Moshulu
Moshulu

I am not much for tourist attractions that happen to serve food, but Moshulu in Philadelphia, a 100-year-old, 394-foot, four-masted sailing ship anchored at Penn's Landing, now has a restaurant among the best in Philly, thanks to owner Martin Grims and chef-partner Ralph Fernandez. Plus, you get a wonderful sense of maritime history and a grand view of the city.

There are several dining rooms here, and, of course, plenty of banquet facilities and private dining areas, some outdoors on the deck. Big-hearted in his portions, skidding just shy of showing off too much, Fernandez makes food based on impeccably reduced sauces and superb ingredients. So when you begin with a lobster bisque with a touch of Amontillado, minced chives and truffled shrimp salsa ($10), you taste how he can take a rich, creamy classic and give it a contemporary flair very much his own. His Latino roots show well in his venison taco, with a roasted-garlic-and-Parmesan croustade with warm chorizo sausage and a Ca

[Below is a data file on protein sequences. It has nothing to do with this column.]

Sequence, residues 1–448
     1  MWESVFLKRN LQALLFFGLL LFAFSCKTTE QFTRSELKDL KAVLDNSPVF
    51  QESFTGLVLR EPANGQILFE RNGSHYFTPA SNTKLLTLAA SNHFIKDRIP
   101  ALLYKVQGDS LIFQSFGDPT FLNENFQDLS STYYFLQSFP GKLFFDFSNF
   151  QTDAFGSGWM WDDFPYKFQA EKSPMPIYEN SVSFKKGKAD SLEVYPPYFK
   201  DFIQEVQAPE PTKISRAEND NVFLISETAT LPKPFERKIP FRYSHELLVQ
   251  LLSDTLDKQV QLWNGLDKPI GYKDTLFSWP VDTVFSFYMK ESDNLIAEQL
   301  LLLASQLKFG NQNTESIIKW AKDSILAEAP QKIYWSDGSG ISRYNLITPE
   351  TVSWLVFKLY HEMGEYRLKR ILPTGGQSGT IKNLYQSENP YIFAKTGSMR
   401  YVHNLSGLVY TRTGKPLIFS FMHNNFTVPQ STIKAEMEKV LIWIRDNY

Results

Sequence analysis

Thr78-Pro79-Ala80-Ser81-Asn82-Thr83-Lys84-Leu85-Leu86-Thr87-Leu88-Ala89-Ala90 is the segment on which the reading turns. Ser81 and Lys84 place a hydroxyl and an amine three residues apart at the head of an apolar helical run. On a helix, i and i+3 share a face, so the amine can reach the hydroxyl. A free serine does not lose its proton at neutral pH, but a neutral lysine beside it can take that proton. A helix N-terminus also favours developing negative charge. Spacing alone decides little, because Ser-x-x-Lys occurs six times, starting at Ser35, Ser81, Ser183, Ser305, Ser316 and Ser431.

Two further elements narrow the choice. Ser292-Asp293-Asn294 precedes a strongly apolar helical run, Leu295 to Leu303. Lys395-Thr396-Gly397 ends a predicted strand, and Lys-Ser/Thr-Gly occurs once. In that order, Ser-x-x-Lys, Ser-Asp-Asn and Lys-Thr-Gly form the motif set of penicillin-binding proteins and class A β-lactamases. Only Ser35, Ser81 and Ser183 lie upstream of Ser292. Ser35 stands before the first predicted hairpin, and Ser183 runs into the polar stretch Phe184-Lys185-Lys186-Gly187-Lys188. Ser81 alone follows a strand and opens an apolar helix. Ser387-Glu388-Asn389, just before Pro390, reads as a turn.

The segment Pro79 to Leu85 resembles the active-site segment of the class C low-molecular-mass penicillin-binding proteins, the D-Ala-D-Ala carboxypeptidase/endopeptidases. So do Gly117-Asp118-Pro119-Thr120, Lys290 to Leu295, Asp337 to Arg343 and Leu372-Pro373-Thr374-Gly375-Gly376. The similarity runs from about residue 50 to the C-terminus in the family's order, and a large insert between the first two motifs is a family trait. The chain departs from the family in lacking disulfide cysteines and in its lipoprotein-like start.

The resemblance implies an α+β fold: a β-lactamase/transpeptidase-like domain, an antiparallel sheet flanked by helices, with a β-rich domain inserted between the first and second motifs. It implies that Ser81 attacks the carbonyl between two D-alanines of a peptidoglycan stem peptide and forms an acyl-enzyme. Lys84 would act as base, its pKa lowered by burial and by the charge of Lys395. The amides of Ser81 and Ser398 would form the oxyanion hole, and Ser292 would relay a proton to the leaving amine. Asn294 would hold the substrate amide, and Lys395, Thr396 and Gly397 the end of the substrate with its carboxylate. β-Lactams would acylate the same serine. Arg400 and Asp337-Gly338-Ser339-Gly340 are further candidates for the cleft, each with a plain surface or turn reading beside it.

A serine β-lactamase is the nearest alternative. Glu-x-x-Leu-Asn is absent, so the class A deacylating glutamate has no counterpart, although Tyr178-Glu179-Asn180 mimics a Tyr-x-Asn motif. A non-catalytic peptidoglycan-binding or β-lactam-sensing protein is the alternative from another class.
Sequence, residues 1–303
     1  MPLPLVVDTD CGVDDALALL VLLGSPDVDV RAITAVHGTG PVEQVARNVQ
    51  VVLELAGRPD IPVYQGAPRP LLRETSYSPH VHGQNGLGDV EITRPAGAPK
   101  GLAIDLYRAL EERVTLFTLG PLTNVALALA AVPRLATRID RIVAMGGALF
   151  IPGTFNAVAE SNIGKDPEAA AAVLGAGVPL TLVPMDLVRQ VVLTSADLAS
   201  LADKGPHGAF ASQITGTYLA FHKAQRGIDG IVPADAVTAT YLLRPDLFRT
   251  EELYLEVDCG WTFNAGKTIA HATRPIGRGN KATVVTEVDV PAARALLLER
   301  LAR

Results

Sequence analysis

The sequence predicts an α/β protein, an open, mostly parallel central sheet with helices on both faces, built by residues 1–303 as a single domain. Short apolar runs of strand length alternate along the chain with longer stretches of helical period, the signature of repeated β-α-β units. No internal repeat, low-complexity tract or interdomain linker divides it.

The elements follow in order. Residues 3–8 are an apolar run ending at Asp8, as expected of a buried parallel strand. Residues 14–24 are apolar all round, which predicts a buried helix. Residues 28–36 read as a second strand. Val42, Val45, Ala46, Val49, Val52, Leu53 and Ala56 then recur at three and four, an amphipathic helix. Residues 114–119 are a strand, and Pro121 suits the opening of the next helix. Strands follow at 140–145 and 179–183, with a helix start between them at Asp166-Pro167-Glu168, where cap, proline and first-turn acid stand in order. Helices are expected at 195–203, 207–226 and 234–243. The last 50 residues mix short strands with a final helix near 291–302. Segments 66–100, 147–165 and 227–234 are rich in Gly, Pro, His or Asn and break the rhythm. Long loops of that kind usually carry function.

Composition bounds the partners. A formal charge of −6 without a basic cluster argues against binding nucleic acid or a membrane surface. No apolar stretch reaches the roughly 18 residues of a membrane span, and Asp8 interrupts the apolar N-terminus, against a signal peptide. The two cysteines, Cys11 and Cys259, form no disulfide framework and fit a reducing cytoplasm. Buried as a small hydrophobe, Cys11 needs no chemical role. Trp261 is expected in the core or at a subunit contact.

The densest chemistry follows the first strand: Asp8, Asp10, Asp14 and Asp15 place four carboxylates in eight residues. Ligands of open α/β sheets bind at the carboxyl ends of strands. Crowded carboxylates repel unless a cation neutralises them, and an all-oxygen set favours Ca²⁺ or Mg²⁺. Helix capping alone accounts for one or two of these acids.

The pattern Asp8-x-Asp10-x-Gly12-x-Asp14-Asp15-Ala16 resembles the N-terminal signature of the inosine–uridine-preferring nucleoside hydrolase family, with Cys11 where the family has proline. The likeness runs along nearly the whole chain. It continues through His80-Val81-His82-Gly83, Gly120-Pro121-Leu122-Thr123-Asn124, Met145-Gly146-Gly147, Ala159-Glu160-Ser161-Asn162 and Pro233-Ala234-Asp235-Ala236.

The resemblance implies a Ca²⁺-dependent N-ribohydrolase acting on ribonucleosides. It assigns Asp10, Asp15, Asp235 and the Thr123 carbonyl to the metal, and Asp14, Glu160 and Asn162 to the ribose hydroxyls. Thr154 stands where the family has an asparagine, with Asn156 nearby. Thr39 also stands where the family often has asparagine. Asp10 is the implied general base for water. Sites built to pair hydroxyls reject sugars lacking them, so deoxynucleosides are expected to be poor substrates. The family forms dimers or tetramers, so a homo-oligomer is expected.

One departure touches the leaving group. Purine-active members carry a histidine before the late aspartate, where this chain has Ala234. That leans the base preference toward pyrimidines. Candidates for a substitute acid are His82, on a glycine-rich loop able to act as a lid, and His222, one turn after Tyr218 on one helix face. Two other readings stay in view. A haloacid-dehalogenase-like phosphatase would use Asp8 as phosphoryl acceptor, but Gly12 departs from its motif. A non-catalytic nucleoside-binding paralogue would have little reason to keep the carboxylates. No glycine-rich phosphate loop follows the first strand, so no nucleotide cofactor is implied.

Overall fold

esar salad dressing ($9). Supremely succulent white truffle-glazed Lancaster chicken with a wild mushroom crepe and Madeira jus is a triumph, especially at just $22. Swordfish ($26) is tender, succulent and infused with the scent of apple-smoked bacon, with French lentils and a port reduction. Moshulu has a very good and fairly tariffed wine list. Prices for appetizers run $6.95 to $12.95, with entrées between $22 and $32.

Café Spiaggia
Café Spiaggia

Unquestionably one of the finest Italian restaurants in the U.S. is Spiaggia, a posh dining room overlooking Chicago’s Magnificent Mile. At the adjacent Café Spiaggia, I find the food every bit as delicious, if not quite so lavish, and also much cheaper. Both restaurants are overseen by chef Tony Mantuano, and the wine list by sommelier Henry Bishop, who simply won't ever let you make the wrong choice, whatever your budget is.